Overall workload
Clock icon
264 hours Teaching and learning Typically, this will include lectures, seminars, tutorials, supervised studio time or laboratory time and one-to-one meetings with your personal tutor.
Clock icon
866 hours Independent study This is the time outside your timetabled hours when you will be expected to continue learning independently. Typically, this will involve reading, research, completing assignments, preparing presentations and exam revision.
Clock icon
70 hours Placements Some modules will give you the opportunity to undertake a work placement. These hours will be spent working in industry, gaining practical knowledge and professional skills that can be valuable to employers.
Assessment proportions

Year two is assessed by coursework predominantly, with some practical assessments.

 

Core Modules

An introduction to the study of environmental history, you will consider the shaping of the modern British landscape and the interpretation of the landscape in different media, including visual art, material culture and literary fiction.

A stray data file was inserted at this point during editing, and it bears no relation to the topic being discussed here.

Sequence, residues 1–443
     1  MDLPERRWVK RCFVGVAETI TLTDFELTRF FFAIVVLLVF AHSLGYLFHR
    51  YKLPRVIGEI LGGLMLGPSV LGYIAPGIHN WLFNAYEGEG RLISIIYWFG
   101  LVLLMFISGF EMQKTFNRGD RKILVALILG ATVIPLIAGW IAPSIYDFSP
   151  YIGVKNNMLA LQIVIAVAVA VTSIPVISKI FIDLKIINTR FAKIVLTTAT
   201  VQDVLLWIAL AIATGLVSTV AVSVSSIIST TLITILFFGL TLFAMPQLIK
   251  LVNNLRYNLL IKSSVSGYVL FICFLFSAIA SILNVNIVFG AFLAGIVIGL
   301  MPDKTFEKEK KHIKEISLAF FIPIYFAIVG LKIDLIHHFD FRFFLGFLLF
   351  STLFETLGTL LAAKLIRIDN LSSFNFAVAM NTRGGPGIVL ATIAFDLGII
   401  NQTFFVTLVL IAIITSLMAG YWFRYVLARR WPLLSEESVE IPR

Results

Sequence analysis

Examine the evolution of thought in human geography, making connections between the development of geography over time, developments in academic thought and practice, and the ways in which we produce geographical knowledge.

Enhance your professional skills on a ten-week work placement. Working with a local employer, you will develop your graduate attributes and reflect on the transferable skills you will need for your chosen career.

Develop an understanding of the theoretical background to the carrying out of research and foster the practical skills to be able to carry out research in the social sciences using a number of different research methods.